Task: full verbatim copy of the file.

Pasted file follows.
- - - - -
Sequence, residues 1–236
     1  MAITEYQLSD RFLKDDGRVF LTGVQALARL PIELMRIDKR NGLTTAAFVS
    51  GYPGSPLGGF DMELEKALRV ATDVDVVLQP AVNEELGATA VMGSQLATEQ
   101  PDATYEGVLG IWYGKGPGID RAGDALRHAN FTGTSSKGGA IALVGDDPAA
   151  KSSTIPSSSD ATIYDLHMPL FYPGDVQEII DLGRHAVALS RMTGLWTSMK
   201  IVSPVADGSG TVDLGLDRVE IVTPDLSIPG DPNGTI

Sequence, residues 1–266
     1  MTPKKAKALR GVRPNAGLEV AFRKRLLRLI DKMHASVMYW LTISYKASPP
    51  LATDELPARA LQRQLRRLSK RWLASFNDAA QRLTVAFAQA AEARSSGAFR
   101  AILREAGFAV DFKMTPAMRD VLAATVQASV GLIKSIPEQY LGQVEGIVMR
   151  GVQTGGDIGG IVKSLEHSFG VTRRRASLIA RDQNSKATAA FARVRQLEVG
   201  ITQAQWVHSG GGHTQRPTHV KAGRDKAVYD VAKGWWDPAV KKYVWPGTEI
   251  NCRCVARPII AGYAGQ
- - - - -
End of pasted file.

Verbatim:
Sequence, residues 1–236
     1  MAITEYQLSD RFLKDDGRVF LTGVQALARL PIELMRIDKR NGLTTAAFVS
    51  GYPGSPLGGF DMELEKALRV ATDVDVVLQP AVNEELGATA VMGSQLATEQ
   101  PDATYEGVLG IWYGKGPGID RAGDALRHAN FTGTSSKGGA IALVGDDPAA
   151  KSSTIPSSSD ATIYDLHMPL FYPGDVQEII DLGRHAVALS RMTGLWTSMK
   201  IVSPVADGSG TVDLGLDRVE IVTPDLSIPG DPNGTI

Sequence, residues 1–266
     1  MTPKKAKALR GVRPNAGLEV AFRKRLLRLI DKMHASVMYW LTISYKASPP
    51  LATDELPARA LQRQLRRLSK RWLASFNDAA QRLTVAFAQA AEARSSGAFR
   101  AILREAGFAV DFKMTPAMRD VLAATVQASV GLIKSIPEQY LGQVEGIVMR
   151  GVQTGGDIGG IVKSLEHSFG VTRRRASLIA RDQNSKATAA FARVRQLEVG
   201  ITQAQWVHSG GGHTQRPTHV KAGRDKAVYD VAKGWWDPAV KKYVWPGTEI
   251  NCRCVARPII AGYAGQ